On Surveillance, DOJ Needs to Know When to Fold ‘Em

Our Department of Justice needs to heed Kenny Rogers’ advice in “The Gambler,” and “know when to fold ‘em.” In their pursuit of data on Microsoft’s servers in Ireland, the DOJ is again betting on a bad hand, and they’re not going to bluff their way to a win when the stakes are so high for companies and consumers around the world.

Last week, the DOJ went all-in by petitioning the Second Circuit court for rehearing after losing this summer in court.

In 2013, Microsoft rightly called foul on DOJ’s illegal search of Microsoft’s consumer data. Under federal law, if the DOJ gets a warrant – showing probable cause and having a judge agree – law enforcement can access data held domestically. But the DOJ went too far when it demanded access to data on a foreign Microsoft server in Ireland. The DOJ said because Microsoft is an American company, it must turn over foreign data.

Microsoft rightly challenged this abuse of authority, and this summer three federal judges of the Second Circuit Court unanimously sided with Microsoft. The court held that “Congress did not intend [these] warrant provisions to apply extraterritorially. The focus of those provisions is protection of a user’s privacy interests.”

We understand that some at the DOJ don’t want to fold their hand in the face of this unanimous decision. The DOJ is wounded by their battle to access the San Bernardino shooter’s phone and the DOJ is worried about future precedent.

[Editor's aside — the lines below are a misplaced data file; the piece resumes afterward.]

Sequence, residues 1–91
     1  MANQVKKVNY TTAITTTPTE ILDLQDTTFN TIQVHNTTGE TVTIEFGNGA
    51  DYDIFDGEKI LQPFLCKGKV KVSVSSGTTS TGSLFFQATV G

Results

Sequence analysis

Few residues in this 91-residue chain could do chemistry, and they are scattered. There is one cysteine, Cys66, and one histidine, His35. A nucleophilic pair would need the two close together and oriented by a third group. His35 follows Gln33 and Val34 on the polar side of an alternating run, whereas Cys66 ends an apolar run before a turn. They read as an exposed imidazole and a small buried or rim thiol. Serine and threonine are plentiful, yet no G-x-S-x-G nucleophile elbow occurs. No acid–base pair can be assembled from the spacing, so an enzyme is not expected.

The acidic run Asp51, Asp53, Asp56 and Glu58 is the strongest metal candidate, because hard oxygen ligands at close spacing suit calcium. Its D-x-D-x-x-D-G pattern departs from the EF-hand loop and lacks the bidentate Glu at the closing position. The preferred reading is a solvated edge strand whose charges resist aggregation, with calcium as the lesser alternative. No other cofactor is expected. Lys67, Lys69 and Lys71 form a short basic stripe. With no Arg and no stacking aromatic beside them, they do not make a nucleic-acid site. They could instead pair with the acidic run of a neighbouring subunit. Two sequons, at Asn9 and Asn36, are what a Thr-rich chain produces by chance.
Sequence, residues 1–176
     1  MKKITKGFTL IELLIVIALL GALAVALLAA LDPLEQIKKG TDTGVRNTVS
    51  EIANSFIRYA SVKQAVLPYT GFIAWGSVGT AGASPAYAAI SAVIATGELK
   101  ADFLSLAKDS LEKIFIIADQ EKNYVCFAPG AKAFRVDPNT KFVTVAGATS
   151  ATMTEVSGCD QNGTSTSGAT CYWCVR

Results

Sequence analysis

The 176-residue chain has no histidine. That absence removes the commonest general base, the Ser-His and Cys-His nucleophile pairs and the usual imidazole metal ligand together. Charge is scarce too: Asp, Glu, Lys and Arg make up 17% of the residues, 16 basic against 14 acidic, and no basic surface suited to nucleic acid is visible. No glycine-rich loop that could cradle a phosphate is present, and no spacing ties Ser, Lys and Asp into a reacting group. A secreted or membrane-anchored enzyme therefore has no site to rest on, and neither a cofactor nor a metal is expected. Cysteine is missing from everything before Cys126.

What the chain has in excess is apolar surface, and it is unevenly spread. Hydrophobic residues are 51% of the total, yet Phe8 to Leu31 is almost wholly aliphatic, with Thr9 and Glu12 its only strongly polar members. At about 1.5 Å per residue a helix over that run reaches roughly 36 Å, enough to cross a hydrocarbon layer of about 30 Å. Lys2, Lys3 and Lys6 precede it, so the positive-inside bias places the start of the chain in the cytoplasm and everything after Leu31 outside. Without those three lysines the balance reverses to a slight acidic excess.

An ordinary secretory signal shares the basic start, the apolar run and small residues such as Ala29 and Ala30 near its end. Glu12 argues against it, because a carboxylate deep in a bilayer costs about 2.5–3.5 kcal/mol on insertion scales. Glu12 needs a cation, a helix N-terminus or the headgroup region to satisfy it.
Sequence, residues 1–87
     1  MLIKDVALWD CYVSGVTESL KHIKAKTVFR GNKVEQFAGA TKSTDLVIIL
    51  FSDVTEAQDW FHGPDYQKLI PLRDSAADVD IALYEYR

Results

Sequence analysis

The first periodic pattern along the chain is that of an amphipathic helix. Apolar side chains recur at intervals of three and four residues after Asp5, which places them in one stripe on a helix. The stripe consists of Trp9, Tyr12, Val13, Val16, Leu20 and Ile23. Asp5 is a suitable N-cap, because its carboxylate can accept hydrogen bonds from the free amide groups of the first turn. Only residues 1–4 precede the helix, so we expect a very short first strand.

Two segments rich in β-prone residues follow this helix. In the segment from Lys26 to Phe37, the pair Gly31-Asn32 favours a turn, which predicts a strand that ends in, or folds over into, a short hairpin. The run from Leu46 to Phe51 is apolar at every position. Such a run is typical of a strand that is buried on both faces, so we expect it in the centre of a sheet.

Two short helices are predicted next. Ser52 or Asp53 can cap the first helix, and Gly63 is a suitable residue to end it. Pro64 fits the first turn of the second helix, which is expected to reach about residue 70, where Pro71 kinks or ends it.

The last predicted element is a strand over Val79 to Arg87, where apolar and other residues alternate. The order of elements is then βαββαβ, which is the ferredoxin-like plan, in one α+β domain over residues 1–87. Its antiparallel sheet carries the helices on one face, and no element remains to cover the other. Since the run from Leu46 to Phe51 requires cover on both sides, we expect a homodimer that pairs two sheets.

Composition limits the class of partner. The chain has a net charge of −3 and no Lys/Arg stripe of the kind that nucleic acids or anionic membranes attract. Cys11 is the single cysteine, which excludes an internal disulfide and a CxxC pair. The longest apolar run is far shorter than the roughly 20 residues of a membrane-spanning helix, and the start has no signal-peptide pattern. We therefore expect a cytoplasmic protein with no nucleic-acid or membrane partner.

But, instead of seeking rehearing by the entire panel of Second Circuit judges (called a “petition for rehearing en banc”), folding really is a better option for the DOJ. It can’t win regardless of the final card played.

Here’s why:

First, if the Second Circuit denies grant of the petition, the decision stands and other circuits are more likely to uphold the decision as a plurality of Second Circuit judges agree with the decision.

Second, if the Second Circuit rehears the case and rules against the DOJ, it loses even more credibility.

Finally, even if the Second Circuit rehears and reverses the decision, the DOJ can’t cash in their chips just yet. DOJ would still face an appeal to a Supreme Court that has consistently curtailed law enforcement’s overreach for private data stored in technological forms.

In its haste to file for this rehearing, the DOJ forgot that this Supreme Court unanimously ruled against law enforcement’s access contents of a cell phone in Riley v California. Likewise, it unanimously ruled against law enforcement’s illegal search in U.S. v Jones.

So if the rehearing is not granted, the DOJ loses. If a rehearing is granted and the court again finds for Microsoft, the DOJ loses again. And if a rehearing is granted, the DOJ is likely to “go bust” with an unfavorable ruling from the Supreme Court.

This makes it a lose-lose-lose proposition for the DOJ, with each advancement of the case further undermining the government’s case.

For the DOJ, this is a case where “know when to fold ‘em” is the best advice to follow. Clearly, the DOJ should withdraw its motion and walk away.


Carl Szabo is senior policy counsel for NetChoice, a trade association of eCommerce businesses and online consumers.

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